John Larson

Program Director

John Larson brings to KMST almost 30 years’ experience in sales and marketing, with particular focus on the entertainment industry. John has worked in radio, television, film, and live events in the major markets of Chicago, Los Angeles, and New York, as well as in smaller markets like St. Paul, MN and St. Louis. John has more than two decades of experience in radio, beginning his career as a live mix artist in St. Paul, and growing to become a regular player and guest host on major morning shows across the nation.

John's Duties include...

Program Director - Digital Director - News Director - Creative/Content Producer - Show Host -Webmaster Admin - Student Supervisor -

 John lives on a small horse ranch in Owensville, Missouri, with his wife and kids. When he’s not behind the mic as the local voice of NPR’s All Things Considered, or Hosting Jitterbug and Jive, he can usually be found behind the handlebars of his Harley Davidson, or fighting fires in the area of Owensville, MO.

 

   Missouri S&T sophomore Amanda Wetzel will compete at the NCAA Division II Track & Field Championships next weekend in Bradenton, Fla., as the NCAA officially announced the field for the meet Tuesday afternoon. The pole vault competition will take place on Saturday, May 27 at the IMG Academy in Bradenton, with the event slated to begin at 2:30 p.m. Eastern time. A total of 21 competitors were selected to compete in the pole vault.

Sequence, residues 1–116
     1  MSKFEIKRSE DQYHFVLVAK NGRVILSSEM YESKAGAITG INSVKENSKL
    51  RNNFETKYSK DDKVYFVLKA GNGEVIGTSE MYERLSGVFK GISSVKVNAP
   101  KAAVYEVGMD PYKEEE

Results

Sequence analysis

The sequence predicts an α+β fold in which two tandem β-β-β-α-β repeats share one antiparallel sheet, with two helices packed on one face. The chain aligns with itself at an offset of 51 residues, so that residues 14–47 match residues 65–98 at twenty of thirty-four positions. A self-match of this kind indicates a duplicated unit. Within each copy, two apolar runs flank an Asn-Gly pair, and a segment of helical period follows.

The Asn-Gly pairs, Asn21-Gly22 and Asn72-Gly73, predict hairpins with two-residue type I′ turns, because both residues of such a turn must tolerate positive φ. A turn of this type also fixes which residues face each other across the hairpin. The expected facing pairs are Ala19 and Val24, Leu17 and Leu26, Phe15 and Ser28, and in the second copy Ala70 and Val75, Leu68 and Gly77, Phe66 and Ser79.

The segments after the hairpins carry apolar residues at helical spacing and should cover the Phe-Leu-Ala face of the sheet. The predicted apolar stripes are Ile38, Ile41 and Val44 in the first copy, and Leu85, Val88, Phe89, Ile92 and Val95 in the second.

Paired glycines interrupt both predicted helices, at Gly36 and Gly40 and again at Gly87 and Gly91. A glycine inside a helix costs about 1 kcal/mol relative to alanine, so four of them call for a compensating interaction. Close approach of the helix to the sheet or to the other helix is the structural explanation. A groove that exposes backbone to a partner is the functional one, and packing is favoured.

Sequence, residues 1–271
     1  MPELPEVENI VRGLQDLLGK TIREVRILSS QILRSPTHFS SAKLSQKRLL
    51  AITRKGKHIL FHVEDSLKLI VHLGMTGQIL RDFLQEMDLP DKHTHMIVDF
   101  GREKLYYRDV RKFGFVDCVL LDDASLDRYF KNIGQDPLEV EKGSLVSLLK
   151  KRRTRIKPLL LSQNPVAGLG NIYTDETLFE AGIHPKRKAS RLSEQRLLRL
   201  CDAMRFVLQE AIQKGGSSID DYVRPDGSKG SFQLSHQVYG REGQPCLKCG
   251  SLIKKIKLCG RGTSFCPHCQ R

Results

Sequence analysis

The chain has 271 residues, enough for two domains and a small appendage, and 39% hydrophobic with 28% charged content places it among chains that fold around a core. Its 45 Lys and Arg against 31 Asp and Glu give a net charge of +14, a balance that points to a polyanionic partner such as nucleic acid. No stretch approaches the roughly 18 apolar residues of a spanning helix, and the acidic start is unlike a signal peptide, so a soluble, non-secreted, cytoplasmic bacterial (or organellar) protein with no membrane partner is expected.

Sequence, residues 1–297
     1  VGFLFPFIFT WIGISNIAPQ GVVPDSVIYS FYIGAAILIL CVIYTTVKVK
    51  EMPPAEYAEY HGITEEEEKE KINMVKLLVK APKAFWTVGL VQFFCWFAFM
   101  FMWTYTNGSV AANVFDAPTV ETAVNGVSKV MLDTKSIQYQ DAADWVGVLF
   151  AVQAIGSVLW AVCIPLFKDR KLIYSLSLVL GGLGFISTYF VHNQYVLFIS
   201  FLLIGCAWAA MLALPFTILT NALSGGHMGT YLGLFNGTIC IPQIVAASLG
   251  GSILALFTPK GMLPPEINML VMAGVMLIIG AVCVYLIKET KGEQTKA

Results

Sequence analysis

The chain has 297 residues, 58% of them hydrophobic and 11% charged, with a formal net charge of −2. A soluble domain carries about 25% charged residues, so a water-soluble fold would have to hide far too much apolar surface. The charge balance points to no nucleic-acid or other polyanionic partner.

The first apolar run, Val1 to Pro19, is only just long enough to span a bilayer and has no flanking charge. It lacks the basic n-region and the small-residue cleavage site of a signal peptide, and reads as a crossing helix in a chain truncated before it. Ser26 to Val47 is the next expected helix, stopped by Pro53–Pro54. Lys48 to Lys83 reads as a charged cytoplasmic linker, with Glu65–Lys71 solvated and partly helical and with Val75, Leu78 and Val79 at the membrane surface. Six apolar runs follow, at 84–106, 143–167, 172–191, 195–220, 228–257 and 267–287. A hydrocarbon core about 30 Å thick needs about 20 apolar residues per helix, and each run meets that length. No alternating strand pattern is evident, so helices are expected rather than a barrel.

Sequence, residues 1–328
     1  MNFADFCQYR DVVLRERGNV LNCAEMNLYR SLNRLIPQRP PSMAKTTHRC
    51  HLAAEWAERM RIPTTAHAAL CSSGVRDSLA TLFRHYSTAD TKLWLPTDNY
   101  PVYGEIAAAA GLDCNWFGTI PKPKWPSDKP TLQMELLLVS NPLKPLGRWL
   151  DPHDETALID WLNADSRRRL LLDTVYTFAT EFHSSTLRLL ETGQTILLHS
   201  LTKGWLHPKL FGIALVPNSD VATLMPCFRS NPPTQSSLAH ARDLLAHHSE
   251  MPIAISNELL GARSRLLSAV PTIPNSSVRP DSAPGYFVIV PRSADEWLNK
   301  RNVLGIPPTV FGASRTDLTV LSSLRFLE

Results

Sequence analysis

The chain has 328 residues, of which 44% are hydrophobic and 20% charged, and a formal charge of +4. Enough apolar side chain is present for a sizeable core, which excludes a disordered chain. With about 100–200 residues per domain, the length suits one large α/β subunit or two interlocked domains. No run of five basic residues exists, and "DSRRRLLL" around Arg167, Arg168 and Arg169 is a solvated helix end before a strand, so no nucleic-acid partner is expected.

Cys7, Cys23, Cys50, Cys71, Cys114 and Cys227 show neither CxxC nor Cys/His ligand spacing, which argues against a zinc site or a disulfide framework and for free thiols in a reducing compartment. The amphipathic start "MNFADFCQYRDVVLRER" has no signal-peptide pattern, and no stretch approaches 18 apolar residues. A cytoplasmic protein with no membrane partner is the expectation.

KANSAS CITY, Mo. (AP) - Gary Sanchez hit a three-run homer, Chris Carter added a two-run shot and CC Sabathia got back on track as the New York Yankees rolled to a 7-1 victory over the Kansas City Royals on Tuesday night.

   Pitching on six days' rest, Sabathia (3-2) went 6 2/3 shutout innings to win for the first time since April 15. He struck out five and walked two before leaving with the bases loaded, but Tyler Clippard promptly fanned Whit Merrifield to escape the jam.

   Clippard also handled the eighth before Jonathan Holder gave up a run in the ninth.

 NORMAN, Okla. (AP) - At least one person has been killed by a tornado that roared through a portion of a western Oklahoma town.